Mark Lowcock called on the world’s leading industrial nations, the G20, to step up support, as he released an updated $10.3 billion appeal to fight coronavirus spread in 63 low-income countries.
“The pandemic and associated global recession are about to wreak havoc in fragile and low-income countries”, he said. “The response of wealthy nations so far has been grossly inadequate and dangerously short-sighted. Failure to act now will leave the virus free to circle round the globe, undo decades of development and create a generation’s worth of tragic and exportable problems.”
“It doesn’t have to be like this – this is a problem that can be fixed with money from wealthy nations and fresh thinking from the shareholders of international financial institutions and supporters of UN agencies, the Red Cross and Red Crescent movement, and NGOs.”
‘Prospect of cascading crises’
Mr. Lowcock fears that unless G20 countries act now, they will face a series of human tragedies more brutal and destructive than the direct health impacts of the pandemic.
“Rich countries have thrown out the rulebook when it comes to protecting their own economies. They must apply the same exceptional measures to countries that need help”, he declared.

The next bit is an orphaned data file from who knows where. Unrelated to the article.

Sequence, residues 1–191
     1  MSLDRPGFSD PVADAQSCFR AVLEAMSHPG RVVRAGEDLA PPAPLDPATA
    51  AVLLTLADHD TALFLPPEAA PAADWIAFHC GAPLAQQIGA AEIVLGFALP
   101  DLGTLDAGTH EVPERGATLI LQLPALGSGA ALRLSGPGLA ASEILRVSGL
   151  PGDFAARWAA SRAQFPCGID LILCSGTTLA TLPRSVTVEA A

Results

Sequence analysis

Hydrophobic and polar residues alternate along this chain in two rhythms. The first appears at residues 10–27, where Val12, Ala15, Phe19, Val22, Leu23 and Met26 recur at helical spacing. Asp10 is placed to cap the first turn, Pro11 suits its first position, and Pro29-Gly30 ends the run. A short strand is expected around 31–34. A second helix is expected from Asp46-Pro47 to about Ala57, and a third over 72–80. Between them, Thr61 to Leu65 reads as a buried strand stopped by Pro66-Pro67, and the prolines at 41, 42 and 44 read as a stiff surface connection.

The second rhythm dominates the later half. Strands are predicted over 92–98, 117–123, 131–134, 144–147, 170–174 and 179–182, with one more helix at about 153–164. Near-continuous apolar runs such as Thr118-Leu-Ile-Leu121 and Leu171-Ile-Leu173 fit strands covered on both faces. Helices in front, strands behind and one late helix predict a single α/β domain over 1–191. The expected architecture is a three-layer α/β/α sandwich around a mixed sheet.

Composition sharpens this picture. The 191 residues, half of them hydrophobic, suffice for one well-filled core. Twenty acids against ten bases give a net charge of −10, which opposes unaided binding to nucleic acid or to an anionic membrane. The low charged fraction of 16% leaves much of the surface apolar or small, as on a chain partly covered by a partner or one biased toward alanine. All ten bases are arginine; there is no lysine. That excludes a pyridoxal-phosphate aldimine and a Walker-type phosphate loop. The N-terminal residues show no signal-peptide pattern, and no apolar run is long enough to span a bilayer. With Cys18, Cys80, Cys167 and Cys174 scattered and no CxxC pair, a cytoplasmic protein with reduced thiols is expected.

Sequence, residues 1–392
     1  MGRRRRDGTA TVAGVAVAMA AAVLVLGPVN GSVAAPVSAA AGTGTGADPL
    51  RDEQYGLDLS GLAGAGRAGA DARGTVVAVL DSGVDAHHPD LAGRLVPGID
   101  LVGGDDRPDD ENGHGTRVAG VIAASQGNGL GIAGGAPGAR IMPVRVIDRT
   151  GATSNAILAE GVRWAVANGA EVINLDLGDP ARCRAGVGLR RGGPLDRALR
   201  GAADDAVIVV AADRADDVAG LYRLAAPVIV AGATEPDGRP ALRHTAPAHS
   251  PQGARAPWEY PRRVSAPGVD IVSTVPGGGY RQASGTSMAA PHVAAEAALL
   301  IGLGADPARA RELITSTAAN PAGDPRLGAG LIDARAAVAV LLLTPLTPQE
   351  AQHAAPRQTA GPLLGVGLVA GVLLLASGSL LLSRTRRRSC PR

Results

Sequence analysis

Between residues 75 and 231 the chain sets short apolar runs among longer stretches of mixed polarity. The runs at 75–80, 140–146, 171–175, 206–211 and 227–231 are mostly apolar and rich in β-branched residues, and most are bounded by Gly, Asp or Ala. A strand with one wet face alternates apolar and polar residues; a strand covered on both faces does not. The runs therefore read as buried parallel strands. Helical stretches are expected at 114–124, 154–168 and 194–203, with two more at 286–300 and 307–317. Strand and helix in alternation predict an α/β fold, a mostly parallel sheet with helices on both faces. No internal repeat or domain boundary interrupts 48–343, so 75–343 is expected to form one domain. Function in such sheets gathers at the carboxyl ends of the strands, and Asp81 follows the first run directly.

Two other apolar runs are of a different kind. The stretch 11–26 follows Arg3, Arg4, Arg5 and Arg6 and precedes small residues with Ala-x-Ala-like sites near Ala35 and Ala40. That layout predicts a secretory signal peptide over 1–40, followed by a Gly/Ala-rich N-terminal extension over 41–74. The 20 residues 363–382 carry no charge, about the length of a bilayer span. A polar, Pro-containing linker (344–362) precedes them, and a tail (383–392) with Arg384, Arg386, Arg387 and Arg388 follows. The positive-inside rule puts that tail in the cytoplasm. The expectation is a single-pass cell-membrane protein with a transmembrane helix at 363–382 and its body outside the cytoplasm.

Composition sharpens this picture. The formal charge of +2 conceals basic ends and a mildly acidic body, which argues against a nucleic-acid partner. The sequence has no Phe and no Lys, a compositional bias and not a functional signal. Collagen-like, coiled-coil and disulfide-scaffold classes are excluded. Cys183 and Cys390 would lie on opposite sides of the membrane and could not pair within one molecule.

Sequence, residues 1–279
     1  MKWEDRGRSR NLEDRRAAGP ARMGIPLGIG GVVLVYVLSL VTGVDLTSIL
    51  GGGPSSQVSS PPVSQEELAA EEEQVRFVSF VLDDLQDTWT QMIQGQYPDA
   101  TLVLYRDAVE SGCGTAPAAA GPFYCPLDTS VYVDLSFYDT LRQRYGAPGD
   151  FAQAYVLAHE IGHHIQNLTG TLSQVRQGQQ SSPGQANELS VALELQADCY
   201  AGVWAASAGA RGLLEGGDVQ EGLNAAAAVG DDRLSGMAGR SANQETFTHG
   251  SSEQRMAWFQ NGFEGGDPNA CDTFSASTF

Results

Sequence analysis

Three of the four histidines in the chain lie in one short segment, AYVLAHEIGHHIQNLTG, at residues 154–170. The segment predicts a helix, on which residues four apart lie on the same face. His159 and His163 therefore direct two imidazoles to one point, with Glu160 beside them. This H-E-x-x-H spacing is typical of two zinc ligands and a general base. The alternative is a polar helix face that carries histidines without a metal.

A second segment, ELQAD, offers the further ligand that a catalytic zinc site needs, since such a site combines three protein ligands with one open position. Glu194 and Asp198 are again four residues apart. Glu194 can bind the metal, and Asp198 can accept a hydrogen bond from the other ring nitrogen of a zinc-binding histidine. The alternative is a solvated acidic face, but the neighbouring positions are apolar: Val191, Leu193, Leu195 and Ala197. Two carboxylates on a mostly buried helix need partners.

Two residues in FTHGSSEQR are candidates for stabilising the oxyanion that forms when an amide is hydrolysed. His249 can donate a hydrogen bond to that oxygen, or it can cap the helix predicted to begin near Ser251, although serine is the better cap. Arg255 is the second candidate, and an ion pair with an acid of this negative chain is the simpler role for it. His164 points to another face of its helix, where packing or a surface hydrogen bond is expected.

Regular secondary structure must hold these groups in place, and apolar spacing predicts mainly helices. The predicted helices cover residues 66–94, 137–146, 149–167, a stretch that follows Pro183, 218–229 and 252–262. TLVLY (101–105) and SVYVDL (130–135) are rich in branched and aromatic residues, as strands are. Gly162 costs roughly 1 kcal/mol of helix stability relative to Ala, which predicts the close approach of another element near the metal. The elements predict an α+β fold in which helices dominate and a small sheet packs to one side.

“The prospect of cascading crises more brutal and destructive than anything the virus alone can do must jolt us all out of our comfort zone.”
UN agencies estimate that due to disruptions to health systems caused by the pandemic, some 6,000 children could die each every day from preventable causes, while annual deaths from HIV, tuberculosis and malaria, could double.
Humanitarians said the first confirmed case of the disease was reported in Idlib, Syria, last week, sparking fears of a devastating outbreak in crowded camps housing millions of people displaced by the country’s nearly decade-long conflict.
Prioritizing the most vulnerable
The COVID-19 Global Humanitarian Response Plan addresses the humanitarian impacts of the pandemic in 63 low- and middle-income countries, and supports their efforts to combat it.
The plan prioritizes the world’s most vulnerable citizens, including older persons, people with disabilities, displaced people, and women and girls.
It was initially launched in late March, shortly after WHO declared the global pandemic.
While $1.7 billion has been raised since then, the update includes a supplementary $300 million, to bolster rapid response from NGOs, $500 million for famine prevention, and a sharper focus on preventing gender-based violence.